In the univariate models, several factors in the acute illness were positively associated with the risk of having long COVID, such as: chest pain (RR 1.8, 95% CI 1.1–3.0, p = 0.008), dyspnea (RR 2.2, 95% CI 1.4–3.5, p = 0.001), sore throat (RR 1.6, 95% CI 1.0–2.6, p = 0.024), conjunctivitis (RR 1.9, 95% CI 1.0–3.6, p = 0.047), tachycardia (RR 10.1, 95% CI 2.3–43.3, p = 0.002), nausea (RR 2.9, 95% CI 1.2–7.0, p = 0.012), severity score ≥8 (RR 3.32, 95% CI 2.0–5.4, p < 0.001), hospitalization (RR 2.6, 95% CI 1.4–4.6, p = 0.001), and use of antibiotics (RR 1.6, 95% CI 1.0–2.6, p = 0.033) (Table 4). These associations remained in the multivariate model for severity score ≥8 (RR 2.0, 95% CI 1.1–3.5, p = 0.022), hospitalization (RR 2.1, 95% CI 1.0–4.4, p = 0.039), myalgia (RR 1.9, 95% CI 1.08–3.6, p = 0.027), tachycardia (RR 10.4, 95% CI 2.2–47.7, p = 0.003), and use of antibiotics (RR 2.0, 95% CI 1.1–3.5, p = 0.022). A high level of education was a protective factor in the multivariate model (RR 0.6, 95% CI 0.4–0.9, p = 0.029). All other factors included in the multivariate model were not significantly associated with long COVID (see Table 4). In addition, the population attributable fraction (PAF) was calculated, which was defined as the proportional reduction in the occurrence of long COVID in the study population, if exposure to a risk factor was eliminated in an alternative ideal exposure scenario [23]. The higher PAF for long COVID were myalgia (37%), severity score ≥8 (31%), and use of antibiotics (27%); hospitalization (18%) and the presence of tachycardia (14%) were less relevant at a population level.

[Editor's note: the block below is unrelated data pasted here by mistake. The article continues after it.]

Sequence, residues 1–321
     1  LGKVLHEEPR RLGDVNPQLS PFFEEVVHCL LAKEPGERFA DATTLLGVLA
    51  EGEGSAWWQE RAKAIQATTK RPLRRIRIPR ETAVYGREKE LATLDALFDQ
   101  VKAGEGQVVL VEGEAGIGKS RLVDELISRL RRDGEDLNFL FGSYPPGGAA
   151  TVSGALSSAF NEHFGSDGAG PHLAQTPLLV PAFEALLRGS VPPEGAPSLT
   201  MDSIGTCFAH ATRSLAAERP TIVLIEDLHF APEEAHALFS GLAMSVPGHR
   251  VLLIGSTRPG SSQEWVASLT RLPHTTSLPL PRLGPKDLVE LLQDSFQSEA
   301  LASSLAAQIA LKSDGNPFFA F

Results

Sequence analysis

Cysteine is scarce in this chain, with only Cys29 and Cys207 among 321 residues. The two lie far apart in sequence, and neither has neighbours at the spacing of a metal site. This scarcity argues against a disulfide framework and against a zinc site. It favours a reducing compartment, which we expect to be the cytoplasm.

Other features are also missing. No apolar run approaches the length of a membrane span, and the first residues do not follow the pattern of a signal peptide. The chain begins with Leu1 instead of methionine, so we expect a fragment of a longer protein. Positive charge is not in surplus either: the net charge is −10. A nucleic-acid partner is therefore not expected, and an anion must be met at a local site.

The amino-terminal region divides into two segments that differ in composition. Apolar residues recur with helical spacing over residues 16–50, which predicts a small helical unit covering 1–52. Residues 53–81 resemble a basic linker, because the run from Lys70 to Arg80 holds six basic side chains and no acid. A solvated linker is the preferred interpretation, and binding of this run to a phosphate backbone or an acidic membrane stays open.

The proportion of ABO blood type was different in patients with long COVID vs without (Table 2). Type O was very similar in both groups (59.5% vs. 59.0%), but positive type B patients (B and AB groups) were less frequent in long COVID (15.3% vs. 8.0%, p < 0.001, without vs with long COVID, respectively). In a multivariate model adjusting with the main factors associated with long COVID (severity score ≥8, hospitalized patients, and tachycardia), positive type B patients presented nearly two times less risk of suffering long COVID, in comparison with patients with O/A blood type (RR 0.44, 95% CI 0.20–0.97, p = 0.044).

4. Discussion

Severe COVID-19 was confirmed as a predicting factor for long COVID. However, some signs or symptoms of the acute phase are also independent risk factors, such as tachycardia, with a 10 times higher probability for long COVID, for patients who present said symptom.